For Untitled (Ghardaïa), artist Kadar Attia sculpted a scale model of the Algerian city of the title in couscous, a regional culinary staple. The fragile and ephemeral structure is accompanied by two prints portraying foundational Western modernist architects, Le Corbusier and Fernand Pouillon, and by a copy of a UNESCO certificate that officially designates the city of Ghardaïa as a World Heritage Site.
Hauser & Wirth is currently hosting the eponymous Mike Kelley exhibit, the gallery’s first exhibition devoted to one of the most ambitious and influential artists of our time. Organized in collaboration with the Mike Kelley Foundation for the Arts, the exhibition is the first in New York to focus exclusively on one of the most significant of Kelley’s later series, Kandors. These visually opulent, technically ambitious sculptures combine with videos and a sprawling installation never before exhibited in the United States, as the late Los Angeles artist reworks the imagery and mythology of the popular American comic book hero, Superman, into an extraordinary opus of nurture and loss, destruction, mourning and – possibly – redemption. This my favorite exhibit of the year so far!
The photoshopped image above was sent to me by my friend, Ronne, a native of New Orleans who now lives in the southwest. Ronne didn’t have any information on the origin of the image nor did she have any idea what it might be associated with, but she knows I love the pink, so she sent it over. I can’t find anything on the Internet using the obvious search terms (Pink New Orleans Image October) but I think it’s a nice photo and I figured I had better get it on the blog while we are still in the month of October. If you have any clues as to what this picture is about, please leave them in the comments!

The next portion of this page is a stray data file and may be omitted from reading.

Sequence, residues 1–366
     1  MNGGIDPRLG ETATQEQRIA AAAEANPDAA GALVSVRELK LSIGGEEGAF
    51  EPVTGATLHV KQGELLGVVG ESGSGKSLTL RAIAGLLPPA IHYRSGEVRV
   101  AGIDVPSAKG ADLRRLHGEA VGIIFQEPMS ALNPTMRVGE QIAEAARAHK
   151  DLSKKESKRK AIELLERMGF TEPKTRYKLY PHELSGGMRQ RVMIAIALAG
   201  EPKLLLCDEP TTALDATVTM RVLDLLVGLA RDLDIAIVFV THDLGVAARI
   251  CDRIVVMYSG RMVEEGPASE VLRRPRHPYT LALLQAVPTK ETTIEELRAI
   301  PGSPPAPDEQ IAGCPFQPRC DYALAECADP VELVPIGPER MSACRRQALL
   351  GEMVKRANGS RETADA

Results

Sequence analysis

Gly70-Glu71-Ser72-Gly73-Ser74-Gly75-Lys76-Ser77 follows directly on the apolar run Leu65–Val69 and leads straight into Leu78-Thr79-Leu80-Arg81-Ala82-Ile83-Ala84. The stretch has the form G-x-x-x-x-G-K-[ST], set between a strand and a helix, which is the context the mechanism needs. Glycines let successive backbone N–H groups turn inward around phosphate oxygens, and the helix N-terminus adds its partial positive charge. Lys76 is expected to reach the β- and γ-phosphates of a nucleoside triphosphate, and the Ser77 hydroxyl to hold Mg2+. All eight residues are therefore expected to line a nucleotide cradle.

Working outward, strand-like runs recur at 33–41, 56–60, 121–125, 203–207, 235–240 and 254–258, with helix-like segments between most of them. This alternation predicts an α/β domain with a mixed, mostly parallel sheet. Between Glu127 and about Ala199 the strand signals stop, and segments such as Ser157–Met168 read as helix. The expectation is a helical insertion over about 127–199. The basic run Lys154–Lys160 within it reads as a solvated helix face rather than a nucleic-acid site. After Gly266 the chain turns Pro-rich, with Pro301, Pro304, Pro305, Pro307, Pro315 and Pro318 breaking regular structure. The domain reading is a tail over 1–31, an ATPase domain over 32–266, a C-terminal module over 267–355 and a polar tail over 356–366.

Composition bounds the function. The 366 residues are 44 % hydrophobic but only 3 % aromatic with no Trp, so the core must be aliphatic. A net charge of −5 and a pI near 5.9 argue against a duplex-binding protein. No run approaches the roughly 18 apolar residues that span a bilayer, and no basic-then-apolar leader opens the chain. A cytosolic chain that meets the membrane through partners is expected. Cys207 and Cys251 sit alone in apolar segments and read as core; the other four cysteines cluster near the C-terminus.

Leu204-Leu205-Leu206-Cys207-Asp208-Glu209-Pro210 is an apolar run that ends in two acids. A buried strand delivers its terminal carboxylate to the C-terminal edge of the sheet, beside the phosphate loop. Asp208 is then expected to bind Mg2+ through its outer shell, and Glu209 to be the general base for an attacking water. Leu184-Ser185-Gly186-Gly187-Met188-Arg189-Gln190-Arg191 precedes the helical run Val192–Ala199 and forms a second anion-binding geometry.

Ephemicropolis is a scale model of an urban landscape created by artist Peter Root over the course of about 40 hours from over 100,000 staples. Brilliant!
This scale miniature of Midtown Manhattan by artist Michael Chesko took 2000 hours to complete. As reference, Chesko used blueprints, old photographs, digital reproductions, and satellite images. On a good day, he’d work his way through four city blocks. The entire model is 36″ x 30″ – a good deal smaller than most office desks. At the 1:3200 scale, the Empire State Building is approximately the height of a Campbell’s Soup can.